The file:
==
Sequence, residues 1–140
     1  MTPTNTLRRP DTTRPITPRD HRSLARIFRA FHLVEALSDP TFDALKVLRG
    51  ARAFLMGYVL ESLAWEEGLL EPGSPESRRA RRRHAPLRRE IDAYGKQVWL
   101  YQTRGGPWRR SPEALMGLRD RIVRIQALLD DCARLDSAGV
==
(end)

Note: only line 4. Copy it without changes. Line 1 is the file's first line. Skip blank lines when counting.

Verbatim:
   101  YQTRGGPWRR SPEALMGLRD RIVRIQALLD DCARLDSAGV